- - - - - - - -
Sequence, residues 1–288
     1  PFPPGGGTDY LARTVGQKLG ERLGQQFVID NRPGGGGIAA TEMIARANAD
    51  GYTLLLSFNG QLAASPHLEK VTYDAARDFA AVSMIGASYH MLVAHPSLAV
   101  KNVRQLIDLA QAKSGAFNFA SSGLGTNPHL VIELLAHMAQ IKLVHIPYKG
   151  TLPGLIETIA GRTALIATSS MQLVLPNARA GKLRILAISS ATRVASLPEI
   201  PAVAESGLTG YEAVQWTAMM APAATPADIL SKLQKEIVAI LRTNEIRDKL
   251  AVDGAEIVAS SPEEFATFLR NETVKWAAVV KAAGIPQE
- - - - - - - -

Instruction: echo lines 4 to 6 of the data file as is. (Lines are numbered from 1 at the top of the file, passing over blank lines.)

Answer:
   101  KNVRQLIDLA QAKSGAFNFA SSGLGTNPHL VIELLAHMAQ IKLVHIPYKG
   151  TLPGLIETIA GRTALIATSS MQLVLPNARA GKLRILAISS ATRVASLPEI
   201  PAVAESGLTG YEAVQWTAMM APAATPADIL SKLQKEIVAI LRTNEIRDKL